Andy J. Forest comes at you from all sides. A talented musician, poet and painter, he is one of those people whose life is a non-stop work of art. "Andy is such a force," said Anders Osborne, who has produced Forest's last two albums. "Once he starts playing there's so much energy." Last year Forest bought a house in the Ninth Ward on Piety Street and he's had his hands full renovating the place from stem to stern ever since. His 15th album, "Deep Down Under In the Bywater," is filled with songs about his new home.
Osborne sought to bring out Forest's individuality in the recording." What I like about Andy is the way he writes in a different kind of poetic style, especially with his blues background," said Osborne. "The first time we hooked up he brought me pages and pages of song ideas and lyrics and they were really stories. So the idea came up, 'What if you just read the stuff, not so much as a spoken word thing, but telling the story as you go."
" On '...Bywater,' Anders added a lot to the arrangement," said Forest. "That groove on '...Bywater,' that octave thing, I've been doing that for years, so I decided to write a song to it. I like some of the lines in there. The line about hearing the washboard: "hear the rattle of the washboard beat," that's for Washboard Chaz, who I play with from time to time, he lives down here on Mazant, he's my neighbor."'Fat Chance' was originally a 12 bar blues and Anders said 'Just hang on the one' so he brought some arrangement to it. He kind of pushed the melody into a different direction. "Voodoo Lips" is already one of Forest's most popular live numbers. "When I do that live and I'm selling CDs after the gig people invariably ask 'Which one has "Voodoo Lips?' That's a good sign." 'Weak Point' was another poem. Anders didn't initially want to do it, he didn't think it would fit in. When we were done we still had another hour left in the studio. I said 'C'mon let's do that Weak Point tune, 'cause bassist Jesse Boyd's a jazz guy,' and he said 'OK, but only if I get to play drums.' I knew he used to be a drummer when he was a teenager but I'd never heard him play. He sounded good.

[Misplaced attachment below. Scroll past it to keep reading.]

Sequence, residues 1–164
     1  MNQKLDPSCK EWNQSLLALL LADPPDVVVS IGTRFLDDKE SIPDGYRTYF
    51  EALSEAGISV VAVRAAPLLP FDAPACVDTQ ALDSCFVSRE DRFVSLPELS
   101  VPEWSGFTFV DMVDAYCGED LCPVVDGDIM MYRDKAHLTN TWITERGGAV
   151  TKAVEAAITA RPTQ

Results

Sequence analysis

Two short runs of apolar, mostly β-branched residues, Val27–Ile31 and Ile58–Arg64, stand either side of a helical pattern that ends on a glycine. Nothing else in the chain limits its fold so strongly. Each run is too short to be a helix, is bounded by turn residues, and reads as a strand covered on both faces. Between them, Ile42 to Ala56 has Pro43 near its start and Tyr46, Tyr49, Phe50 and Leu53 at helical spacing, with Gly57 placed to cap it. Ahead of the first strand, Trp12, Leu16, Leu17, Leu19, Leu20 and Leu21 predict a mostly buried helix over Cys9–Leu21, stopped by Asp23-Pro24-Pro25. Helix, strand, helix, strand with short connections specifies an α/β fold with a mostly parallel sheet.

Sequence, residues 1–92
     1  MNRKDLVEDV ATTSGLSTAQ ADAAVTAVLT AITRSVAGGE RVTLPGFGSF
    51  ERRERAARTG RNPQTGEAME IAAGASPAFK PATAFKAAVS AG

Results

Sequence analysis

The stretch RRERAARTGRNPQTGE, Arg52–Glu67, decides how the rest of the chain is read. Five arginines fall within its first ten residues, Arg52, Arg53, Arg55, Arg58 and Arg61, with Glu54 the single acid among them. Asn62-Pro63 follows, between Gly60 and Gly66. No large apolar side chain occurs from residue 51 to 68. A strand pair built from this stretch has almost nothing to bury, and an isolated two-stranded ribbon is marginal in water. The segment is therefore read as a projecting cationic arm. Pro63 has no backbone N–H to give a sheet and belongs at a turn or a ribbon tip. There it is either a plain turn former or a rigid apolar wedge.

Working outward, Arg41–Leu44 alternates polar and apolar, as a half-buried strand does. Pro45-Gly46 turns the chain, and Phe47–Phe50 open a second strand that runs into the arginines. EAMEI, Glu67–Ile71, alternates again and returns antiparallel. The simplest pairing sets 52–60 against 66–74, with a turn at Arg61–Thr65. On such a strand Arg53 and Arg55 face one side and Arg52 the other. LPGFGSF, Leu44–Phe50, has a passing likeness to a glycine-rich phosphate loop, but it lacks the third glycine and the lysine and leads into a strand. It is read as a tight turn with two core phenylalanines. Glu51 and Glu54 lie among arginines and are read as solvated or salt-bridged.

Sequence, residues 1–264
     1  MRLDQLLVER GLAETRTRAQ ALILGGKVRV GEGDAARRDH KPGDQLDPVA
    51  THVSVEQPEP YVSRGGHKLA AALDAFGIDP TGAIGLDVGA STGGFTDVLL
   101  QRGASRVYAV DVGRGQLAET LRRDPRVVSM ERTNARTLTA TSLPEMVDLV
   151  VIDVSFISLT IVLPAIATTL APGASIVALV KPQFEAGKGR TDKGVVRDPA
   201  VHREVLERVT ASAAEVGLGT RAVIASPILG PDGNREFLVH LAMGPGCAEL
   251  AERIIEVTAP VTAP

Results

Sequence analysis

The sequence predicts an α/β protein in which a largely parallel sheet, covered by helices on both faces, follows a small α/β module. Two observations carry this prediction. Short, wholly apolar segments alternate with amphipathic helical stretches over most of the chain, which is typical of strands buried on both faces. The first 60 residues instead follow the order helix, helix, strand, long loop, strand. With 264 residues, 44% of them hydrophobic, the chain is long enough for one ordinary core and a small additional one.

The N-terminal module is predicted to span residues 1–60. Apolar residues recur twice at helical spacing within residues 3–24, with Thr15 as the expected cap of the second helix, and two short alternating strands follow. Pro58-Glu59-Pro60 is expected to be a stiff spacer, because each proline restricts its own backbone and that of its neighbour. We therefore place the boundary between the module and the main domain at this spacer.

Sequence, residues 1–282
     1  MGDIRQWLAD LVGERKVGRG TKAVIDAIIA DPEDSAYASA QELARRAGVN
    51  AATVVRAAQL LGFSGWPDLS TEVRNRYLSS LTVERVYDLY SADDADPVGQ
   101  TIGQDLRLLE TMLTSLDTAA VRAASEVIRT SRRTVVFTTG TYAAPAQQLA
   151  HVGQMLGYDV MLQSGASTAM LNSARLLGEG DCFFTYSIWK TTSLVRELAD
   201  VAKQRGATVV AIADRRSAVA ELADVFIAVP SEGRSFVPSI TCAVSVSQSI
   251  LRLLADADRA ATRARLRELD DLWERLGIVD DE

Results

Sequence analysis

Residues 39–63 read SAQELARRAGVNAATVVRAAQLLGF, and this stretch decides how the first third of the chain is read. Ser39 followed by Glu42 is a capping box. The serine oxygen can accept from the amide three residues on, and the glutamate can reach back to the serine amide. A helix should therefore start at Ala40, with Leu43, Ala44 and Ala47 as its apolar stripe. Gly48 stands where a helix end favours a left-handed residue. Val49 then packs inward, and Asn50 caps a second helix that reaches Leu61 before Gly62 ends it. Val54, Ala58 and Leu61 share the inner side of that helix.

" Anders made up the bass line on 'Levee En Rose.' I wanted an instrumental with a Leslie harp on it. I put a wah wah pedal on there. I just wanted to do something different. On 'Sunday Rhumba' I did an instrumental, a kind of distorted, Jimi Hendrix thing, and a lot of people commented on it, WWOZ played it a lot, so I figured I'd do an instrumental on this album.
"Anders completely changed 'All I Need,' It had a different melody, different groove. He said 'Let's do it Mississippi John Hurt style'."
The entire album was a Ninth Ward project. The tracks were recorded at The Truck Farm. "A couple of people from Kingsway opened up this house right up on St. Claude just about three blocks away from us. Andrew Gilchrist engineered and mixed it over there along with Anders, and John Fishbach mastered and edited it right down the block at Piety Street Recording.
-- JOHN SWENSON
OffBeat Blues columnist